This is why an early pregnancy dating scan, rather than one done in the later stages of pregnancy, is considered more accurate when assessing the expected date of delivery.
With maturity, the size of the baby correlates less to its age than in the early weeks.
In very early pregnancy, the embryo and pregnancy sac may simply be too small to see very much at all.
But with every day which passes, the embryo becomes bigger and more advanced in its development.
It is also impossible to do a thorough foetal screening assessment because it is still just too premature in terms of embryonic development.
However, general “mass” structures such as a head and body can generally be seen in the embryo at seven weeks.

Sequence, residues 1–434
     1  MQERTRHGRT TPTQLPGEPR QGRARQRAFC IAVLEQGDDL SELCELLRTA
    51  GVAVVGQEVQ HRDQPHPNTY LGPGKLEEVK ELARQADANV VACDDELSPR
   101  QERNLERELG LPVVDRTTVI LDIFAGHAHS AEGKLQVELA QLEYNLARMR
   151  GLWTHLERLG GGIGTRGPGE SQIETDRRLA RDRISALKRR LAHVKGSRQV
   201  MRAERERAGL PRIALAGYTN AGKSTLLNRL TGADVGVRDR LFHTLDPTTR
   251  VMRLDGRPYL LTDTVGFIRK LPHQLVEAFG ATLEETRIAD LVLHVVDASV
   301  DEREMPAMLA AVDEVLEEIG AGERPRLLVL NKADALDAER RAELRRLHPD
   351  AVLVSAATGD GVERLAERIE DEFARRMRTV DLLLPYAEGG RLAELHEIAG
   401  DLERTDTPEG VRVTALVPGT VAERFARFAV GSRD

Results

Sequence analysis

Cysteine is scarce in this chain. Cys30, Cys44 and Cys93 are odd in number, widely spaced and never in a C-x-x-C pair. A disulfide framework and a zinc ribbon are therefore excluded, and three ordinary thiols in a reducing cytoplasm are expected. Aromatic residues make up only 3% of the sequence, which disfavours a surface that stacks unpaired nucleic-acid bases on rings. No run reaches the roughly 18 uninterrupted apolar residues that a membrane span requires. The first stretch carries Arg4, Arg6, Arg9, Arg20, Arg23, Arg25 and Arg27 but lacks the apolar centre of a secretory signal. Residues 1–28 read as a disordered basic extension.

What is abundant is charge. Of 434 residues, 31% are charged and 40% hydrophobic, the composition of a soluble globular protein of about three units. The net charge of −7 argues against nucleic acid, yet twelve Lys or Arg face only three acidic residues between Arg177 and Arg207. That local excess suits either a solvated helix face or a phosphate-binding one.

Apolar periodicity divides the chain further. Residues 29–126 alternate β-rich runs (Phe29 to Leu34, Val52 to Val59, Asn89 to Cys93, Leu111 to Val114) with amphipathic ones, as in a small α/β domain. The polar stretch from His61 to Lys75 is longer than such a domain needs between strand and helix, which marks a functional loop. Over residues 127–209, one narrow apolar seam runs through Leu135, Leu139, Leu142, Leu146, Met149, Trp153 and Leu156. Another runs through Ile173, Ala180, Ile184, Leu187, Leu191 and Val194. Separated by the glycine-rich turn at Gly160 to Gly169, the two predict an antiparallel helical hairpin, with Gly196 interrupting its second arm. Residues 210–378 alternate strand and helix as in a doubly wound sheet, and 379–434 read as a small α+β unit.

Generally, ultrasounds which are performed in the first trimester are within 3-5 days of being accurate in terms of assessing gestational age.
The limbs and the yolk sac, though obviously important, are not the primary means of measuring growth.
An average length of the embryo at 7 weeks is anywhere between 5mm-12mm. Obviously, every pregnancy is unique and individual factors influence the size of the embryo at this early stage, and the embryo shows development week by week.
So obtaining accurate measurements and visualising them clearly on the screen is a little easier than when they are able to do somersaults and move around a lot. This is also more likely if you are having a transvaginal ultrasound. One of the reasons for this is because the heart needs to work harder and more efficiently to pump oxygenated blood around its much larger body and brain.
The quality of the equipment and the skill of the sonographer are very important when doing any pregnancy ultrasound.